Friends in Tough Places
The importance of friendship in ministry, Part 2
There’s nothing like having friends in ministry who will love you no matter what trial you face or joy you experience. They stand with you in the good times and the tough times. In my last article, we explored two characteristics of friends in ministry that can really make a difference:
- Friends help you reach the mountain of success.
- Friends help you in the valley of hardship.
Both of these truths come from Solomon’s words in the Old Testament: “Two are better than one, because they have a good return for their labor: If either of them falls down, one can help the other up. But pity anyone who falls and has no one to help them up. Also, if two lie down together, they will keep warm. But how can one keep warm alone? Though one may be overpowered, two can defend themselves. A cord of three strands is not quickly broken” (Ecclesiastes 4:9-12).
In this article, I want to share two more reasons to connect with friends, and explore the difference friends can make in our lives as ministry leaders. Again, these insights come from Solomon and have extraordinary relevance today.
Friends help you in the desert of isolation. Ecclesiastes 4:11 says, “Also, if two lie down together, they will keep warm. But how can one keep warm alone?” People often think this passage has a sexual connotation, but that’s not the case.
This verse is an image derived from travelers crossing the desert. On cold desert nights, travelers would lie close to one another to stay warm. It’s a metaphor that implies the closeness of a friend who provides emotional support when we’re walking through life’s desert-like places.
Deserts are extreme. The highest temperature ever recorded was 134 degrees Fahrenheit in the Mojave Desert region of Death Valley, California. Temperatures in deserts can swing wildly from over 100 in the daytime to 25 at night. That is extreme.
Deserts are like barren wastelands. Little grows in a desert, where the environment is harsh and water is scarce. In fact, Death Valley averages only 2.4 inches of rain per year, and some parts of the Sahara Desert average just 0.03 inches of rain annually. Few things can survive long in such places.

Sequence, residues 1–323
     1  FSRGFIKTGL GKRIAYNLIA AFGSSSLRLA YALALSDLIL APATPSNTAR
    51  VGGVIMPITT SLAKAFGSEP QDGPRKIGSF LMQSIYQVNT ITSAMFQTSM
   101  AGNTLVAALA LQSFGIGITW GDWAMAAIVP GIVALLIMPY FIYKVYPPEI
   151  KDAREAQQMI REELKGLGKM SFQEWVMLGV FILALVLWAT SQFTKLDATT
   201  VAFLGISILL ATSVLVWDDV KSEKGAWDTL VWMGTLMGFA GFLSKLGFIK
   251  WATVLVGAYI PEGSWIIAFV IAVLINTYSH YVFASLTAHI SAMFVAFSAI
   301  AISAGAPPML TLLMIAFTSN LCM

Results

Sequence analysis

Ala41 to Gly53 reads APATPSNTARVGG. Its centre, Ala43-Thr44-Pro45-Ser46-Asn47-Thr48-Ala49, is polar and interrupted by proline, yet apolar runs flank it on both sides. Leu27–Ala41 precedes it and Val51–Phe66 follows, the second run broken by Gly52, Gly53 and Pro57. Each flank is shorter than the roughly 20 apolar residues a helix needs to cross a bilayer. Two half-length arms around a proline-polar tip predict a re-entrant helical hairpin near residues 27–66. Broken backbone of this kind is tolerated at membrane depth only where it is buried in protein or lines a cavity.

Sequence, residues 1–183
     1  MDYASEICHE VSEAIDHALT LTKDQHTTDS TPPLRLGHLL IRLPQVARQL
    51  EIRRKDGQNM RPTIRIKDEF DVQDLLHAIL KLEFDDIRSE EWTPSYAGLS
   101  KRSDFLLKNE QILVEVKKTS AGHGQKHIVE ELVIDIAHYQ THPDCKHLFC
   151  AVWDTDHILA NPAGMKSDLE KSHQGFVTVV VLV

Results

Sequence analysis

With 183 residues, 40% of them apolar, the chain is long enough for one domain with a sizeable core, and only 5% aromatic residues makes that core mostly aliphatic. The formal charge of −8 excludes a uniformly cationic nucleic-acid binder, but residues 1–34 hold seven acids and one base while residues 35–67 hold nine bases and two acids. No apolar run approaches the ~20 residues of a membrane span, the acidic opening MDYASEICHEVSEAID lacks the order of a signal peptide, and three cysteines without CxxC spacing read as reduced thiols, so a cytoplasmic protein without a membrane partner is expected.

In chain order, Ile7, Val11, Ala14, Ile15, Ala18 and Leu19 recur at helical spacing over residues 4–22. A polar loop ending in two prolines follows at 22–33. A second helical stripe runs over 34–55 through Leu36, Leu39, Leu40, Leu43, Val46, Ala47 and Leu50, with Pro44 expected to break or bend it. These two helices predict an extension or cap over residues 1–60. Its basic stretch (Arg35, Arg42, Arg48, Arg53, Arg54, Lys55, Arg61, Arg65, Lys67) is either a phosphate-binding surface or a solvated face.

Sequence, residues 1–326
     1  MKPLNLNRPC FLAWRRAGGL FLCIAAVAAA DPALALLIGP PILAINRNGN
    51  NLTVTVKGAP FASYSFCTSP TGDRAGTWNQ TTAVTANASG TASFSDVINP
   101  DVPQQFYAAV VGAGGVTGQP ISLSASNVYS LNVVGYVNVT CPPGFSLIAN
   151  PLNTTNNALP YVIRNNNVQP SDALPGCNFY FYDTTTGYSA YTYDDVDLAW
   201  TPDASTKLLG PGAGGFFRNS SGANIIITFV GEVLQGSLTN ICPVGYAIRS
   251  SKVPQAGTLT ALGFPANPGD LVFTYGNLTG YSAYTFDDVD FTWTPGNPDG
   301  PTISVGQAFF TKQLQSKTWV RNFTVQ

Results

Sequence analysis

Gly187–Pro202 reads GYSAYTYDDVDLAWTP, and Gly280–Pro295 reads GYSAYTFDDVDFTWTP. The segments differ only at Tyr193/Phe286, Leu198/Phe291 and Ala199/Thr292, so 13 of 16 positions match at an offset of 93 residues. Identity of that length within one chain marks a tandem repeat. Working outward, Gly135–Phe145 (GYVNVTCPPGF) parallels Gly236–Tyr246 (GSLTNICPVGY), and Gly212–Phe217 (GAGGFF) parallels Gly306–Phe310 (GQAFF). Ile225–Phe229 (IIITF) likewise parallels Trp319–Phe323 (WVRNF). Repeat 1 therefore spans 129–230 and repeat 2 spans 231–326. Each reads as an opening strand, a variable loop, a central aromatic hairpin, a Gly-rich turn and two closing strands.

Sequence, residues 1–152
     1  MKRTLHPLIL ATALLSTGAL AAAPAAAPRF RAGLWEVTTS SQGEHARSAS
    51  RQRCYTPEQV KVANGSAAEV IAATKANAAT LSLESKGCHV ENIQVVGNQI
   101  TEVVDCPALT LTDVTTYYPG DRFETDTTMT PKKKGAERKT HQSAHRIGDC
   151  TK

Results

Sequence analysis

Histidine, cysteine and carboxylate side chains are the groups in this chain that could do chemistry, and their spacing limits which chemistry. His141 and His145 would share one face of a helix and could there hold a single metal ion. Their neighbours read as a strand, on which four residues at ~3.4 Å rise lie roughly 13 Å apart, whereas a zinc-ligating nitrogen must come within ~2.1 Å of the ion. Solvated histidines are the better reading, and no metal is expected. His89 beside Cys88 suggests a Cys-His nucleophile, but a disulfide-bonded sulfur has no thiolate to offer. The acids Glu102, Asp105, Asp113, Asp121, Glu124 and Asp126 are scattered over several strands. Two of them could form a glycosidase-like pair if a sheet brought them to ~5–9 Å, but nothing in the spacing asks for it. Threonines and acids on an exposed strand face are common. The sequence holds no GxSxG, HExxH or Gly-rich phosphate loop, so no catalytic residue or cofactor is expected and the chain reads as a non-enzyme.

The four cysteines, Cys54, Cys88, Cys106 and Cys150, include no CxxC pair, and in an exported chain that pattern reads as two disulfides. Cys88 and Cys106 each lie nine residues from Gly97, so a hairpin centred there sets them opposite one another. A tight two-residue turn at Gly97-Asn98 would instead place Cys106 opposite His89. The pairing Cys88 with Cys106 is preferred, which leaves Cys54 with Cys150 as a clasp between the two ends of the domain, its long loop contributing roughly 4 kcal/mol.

When you have a friend, you find the emotional support you need to navigate the extreme and barren times of your life.
Deserts are places of isolation. The Sahara Desert, which covers most of North Africa, is about 3.5 million square miles, but has a total population of 2.5 million people. That averages less than one person per square mile.
The deserts of leadership can be equally harsh. Ministry deserts are often extreme, barren and isolated. The isolation is especially concerning. After all, most of us can navigate the extreme and barren parts of life, leadership, and ministry if we don’t have to do it alone. It’s the alone part that gets the best of us.
That’s why Solomon’s words in verse 11 are so important. Look at them one more time: “Also, if two lie down together, they will keep warm. But how can one keep warm alone?”
When you have a friend, you find the emotional support you need to navigate the extreme and barren times of your life. Friends help you gain perspective, offer wisdom and provide encouragement. They are with you through the deserts of ministry.
Friends help you win your battles. Ministry is a spiritual endeavor filled with battles. The truth is, the enemy of your soul hates you, and hates everything you do for the kingdom of God. He wants nothing more than to stop you and the ministry God has called you to lead. That’s why it’s so important to have the support of friends in the battles.
I once had a friend tell me, “There will come a time in your ministry when your prayers are simply not enough. You’ll need the prayer support of others to accomplish what God wants accomplished.”
My friend was simply reminding me that ministry is a battle, and it can’t be won alone. Solomon writes, “Though one may be overpowered, two can defend themselves. A cord of three strands is not quickly broken” (Ecclesiastes 4:12).
You may be facing spiritual, financial, relational, emotional, physical or professional battles, but it was never God’s intent that you wage those battles alone, much less win them alone. Friends don’t abandon you in the battle; they suit up and help you fight so that you can achieve the victory.
Do you have friends like these in your life? If not, what can you begin doing today to move in that direction? Friendships don’t just happen to us. They require us to intentionally cultivate conversations and interactions with others. Out of these experiences, friendships are born.
Do the four characteristics we’ve explored in these articles describe you as a friend? If not, what changes do you need to make to become the kind of friend who helps others reach the mountain of success, navigate the valley of hardship, experience support in the desert of isolation, and win their battles?
Perhaps the first step toward finding a friend like this is to become one. Somebody has to take the first step. Why not you?